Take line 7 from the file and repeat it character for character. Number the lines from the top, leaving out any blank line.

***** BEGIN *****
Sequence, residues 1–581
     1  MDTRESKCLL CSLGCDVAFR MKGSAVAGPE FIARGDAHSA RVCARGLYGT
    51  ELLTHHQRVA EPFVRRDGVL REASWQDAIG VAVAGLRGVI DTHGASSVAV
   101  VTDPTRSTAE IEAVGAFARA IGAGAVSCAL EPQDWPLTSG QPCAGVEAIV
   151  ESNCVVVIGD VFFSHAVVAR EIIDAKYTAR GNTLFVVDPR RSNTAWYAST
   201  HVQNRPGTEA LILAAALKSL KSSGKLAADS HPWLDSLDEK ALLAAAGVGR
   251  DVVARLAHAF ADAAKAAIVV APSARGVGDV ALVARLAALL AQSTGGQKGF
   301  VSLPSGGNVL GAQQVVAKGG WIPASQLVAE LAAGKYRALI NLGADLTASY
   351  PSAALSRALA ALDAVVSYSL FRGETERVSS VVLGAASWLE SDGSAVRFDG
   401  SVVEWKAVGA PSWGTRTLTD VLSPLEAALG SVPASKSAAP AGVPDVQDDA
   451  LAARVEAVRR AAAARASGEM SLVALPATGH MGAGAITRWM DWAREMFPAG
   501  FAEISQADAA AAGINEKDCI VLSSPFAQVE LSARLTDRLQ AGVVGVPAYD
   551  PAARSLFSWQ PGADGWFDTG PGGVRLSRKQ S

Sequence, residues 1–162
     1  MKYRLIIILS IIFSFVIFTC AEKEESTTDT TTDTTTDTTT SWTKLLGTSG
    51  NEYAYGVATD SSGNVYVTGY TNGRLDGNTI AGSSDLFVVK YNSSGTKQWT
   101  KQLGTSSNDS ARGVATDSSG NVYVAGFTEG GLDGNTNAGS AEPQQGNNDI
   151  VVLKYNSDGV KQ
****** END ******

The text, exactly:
   251  DVVARLAHAF ADAAKAAIVV APSARGVGDV ALVARLAALL AQSTGGQKGF